Don’t miss today’s episode of the podcast on this the 17th anniversary of the U.S. invasion of Iraq. It was the most difficult episode of the podcast that I’ve done, and I had a hard time just getting through it, and honestly I have no idea if we handled such a difficult issue completely correctly. But we did our best, and our goal, our hope was that by publicizing his website, www.thecatholiccostofwar.org, and the Scroll of the Remembrance, we can remember the cost of these wars and the precious lives that have been lost and continue to be lost today, which go far, far beyond just the Catholics of course, and far, far beyond just the Americans, too.
The killing continues in Iraq. This popped up on my Twitter just a few days ago.
In this week’s podcast, Episode 25, Fr. McCarthy and I discuss the article published a few weeks ago in America magazine called: “The Teaching of the Catholic Church is Clear: We Are Against War.”
There is much to say about that, but for starters, here is a list of wars waged by the papal state from 1563 – 1871.
1482-1484 War of Ferrara
1485-1486 Florentine War of Pope Sixtus IV.
1494-1495 Neapolitan War 1494-1495
1499-1504 Franco-Aragonese War over Naples
1508-1509 War of the League of Cambrai
1510-1516 War of the Holy League
1527 Sacco di Roma
1556-1557 Carafa War, 1556-1557
1571 Naval Battle of Lepanto (fending off the Ottoman Threat)
1641-1644 War over Parma
1660-1664 Franco-Papal War
1707-1709 Austro-Papal War (War of Spanish Succession 1701-1714)
1791 French occupation of Avignon and the Venaissin
1792-1797 First War of the Coalition, parts of Papal State occupied by the French
1797-1798 Revolution and French Occupation
1798 Neapolitan Invasion of the Papal State
1799-1802 Second War of the Coalition
1808-1809 Franco-Italian annexation of the Papal State
Wars of the Papal State 1808-1870
1832-1839 Austrian Occupation of Bologna, French Occupation of Ancona
Rebellion of Savigno/Imola (Legione Italica)
1843 Austrian Occupation of Bologna, French Occupation of Ancona
Rebellion of Savigno/Imola (Legione Italica)
1845 Revolt of Rimini
1860-1861 Garibaldi’s Expedition against Sicily
1867 Invasion of Italian patriots
1870-1871 Franco-German War
Until Lew Rockwell posted Ellen’s interview with Andrew Bacevich, whom I have long deeply admired, I knew nothing about CAM. I also knew nothing about Kings Bay Plowshares. I am working through that ignorance, and gained further insight listening to Episode 15 of these podcasts. Coincidentally, I am reading “Pacific” by Simon Winchester. I came across this paragraph of actually turning swords into ploughshares in immediate post-World War II Japan.
“Factories that had been weeks before making war materials switched their production lines to start making items needed not by generals and admirals, but the bone-tired civilians and by the ragged menfolk returning from the battlefields. So bomb casings became charcoal burners, sitting nearly upright on their tail fins and helping households get through that first bitter winter. Large-caliber brass shell cases were modified as rice containers, while tea caddies were fashioned from their smaller shiny cousins.”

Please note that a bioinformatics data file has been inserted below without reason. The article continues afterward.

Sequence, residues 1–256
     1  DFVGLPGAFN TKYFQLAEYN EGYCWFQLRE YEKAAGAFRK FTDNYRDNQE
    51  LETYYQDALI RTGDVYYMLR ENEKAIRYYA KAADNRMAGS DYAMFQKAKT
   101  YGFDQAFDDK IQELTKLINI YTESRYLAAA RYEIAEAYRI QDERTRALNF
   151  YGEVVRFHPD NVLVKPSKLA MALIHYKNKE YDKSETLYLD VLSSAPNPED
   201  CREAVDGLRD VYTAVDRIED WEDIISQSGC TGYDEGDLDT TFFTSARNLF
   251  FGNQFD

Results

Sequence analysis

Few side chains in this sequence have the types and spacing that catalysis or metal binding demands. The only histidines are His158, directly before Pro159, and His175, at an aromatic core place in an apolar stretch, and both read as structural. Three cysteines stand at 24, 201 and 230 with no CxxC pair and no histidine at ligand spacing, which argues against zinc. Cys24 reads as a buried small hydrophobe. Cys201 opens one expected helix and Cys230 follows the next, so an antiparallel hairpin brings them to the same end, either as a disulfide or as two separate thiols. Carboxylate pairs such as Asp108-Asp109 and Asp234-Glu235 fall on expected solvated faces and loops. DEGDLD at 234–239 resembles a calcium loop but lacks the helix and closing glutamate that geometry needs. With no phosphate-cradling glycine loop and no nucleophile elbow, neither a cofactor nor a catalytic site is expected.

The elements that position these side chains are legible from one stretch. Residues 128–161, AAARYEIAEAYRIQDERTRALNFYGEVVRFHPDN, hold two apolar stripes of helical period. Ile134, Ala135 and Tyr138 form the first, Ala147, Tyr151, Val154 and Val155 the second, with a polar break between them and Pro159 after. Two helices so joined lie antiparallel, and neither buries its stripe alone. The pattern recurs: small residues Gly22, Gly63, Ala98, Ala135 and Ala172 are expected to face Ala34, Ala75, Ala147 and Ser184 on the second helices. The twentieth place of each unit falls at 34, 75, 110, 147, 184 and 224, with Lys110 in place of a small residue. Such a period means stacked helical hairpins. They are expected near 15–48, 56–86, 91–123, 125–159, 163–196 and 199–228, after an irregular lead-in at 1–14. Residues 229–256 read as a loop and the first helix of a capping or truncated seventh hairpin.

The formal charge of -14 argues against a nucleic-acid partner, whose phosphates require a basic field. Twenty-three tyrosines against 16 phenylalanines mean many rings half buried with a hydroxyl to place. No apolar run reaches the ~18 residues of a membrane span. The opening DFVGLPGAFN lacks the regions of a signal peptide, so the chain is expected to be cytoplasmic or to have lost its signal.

Searchlight mirrors were “beaten” into Tokyo windows, and a fighter plane engine factory started making water pumps. What could the United States do if we beat the nukes at Kings Bay into productive use? Hopefully, at the least, the Kings Bay 7 beat their rap.
This week’s podcast is about the origins of Catholics Against Militarism back in 2013. We discuss the upcoming Triennial Collection for the Archdiocese of the Military Services, scheduled to happen again this weekend, on Nov. 9-11, 2019, in parishes around the country. Fr. Tim Taugher from Saint Francis Assisi parish in Binghamton, New York, joins us to talk about why he won’t be taking up the collection at his parish, despite the posters and marketing materials for the collection that have been sent to him. Read Fr. Taugher’s letter written to his bishop below.
Today’s podcast is about St. Edith Stein and the miracle that led to her canonization on Oct. 11, 1998. That miracle happened back in 1987 to the daughter of our frequent guest on the podcast, Fr. Emmanuel Charles McCarthy. Twenty-one years ago today, Fr. McCarthy con-celebrated the canonization Mass of Edith Stein in Rome with Pope Saint John Paul II (pictured below). I am excited to share this story of a miracle, which is always a story of hope. Moreover, my wish is that this story has the same affect on you that it did on me: It prompted me to take another look at Fr. McCarthy’s life and his life’s work, and to take more seriously that message of nonviolent love of friends and enemies which he has spent his life trying to communicate to the Church.
In an interview with EWTN about her book Edith Stein: A Spiritual Portrait, author Diane Marie Tartlet says: “[Edith Stein’s] whole life was an adventure and she realized that our life of the faith is not boring. If we really have surrendered ourself to God, every day becomes one of surprises, one where we are realizing God’s presence in others in our lives in various situations. There are no coincidences.“